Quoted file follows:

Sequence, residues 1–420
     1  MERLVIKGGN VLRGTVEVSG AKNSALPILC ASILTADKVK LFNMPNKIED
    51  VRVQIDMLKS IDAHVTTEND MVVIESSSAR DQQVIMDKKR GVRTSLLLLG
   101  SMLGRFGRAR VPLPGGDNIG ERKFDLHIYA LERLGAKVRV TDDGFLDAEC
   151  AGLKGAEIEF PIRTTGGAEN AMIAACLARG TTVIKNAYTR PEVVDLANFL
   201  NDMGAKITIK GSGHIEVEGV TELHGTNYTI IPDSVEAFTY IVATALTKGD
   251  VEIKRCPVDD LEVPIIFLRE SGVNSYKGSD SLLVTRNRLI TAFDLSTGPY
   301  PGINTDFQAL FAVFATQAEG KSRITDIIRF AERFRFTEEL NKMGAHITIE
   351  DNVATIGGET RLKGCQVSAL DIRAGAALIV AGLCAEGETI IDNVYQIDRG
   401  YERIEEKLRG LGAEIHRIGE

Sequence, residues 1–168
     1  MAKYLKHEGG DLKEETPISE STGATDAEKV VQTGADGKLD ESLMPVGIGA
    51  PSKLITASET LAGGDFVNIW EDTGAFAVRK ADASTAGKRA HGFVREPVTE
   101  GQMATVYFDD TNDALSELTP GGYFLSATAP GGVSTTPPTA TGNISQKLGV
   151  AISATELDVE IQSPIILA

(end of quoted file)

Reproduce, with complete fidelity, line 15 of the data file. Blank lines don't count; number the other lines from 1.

   151  AISATELDVE IQSPIILA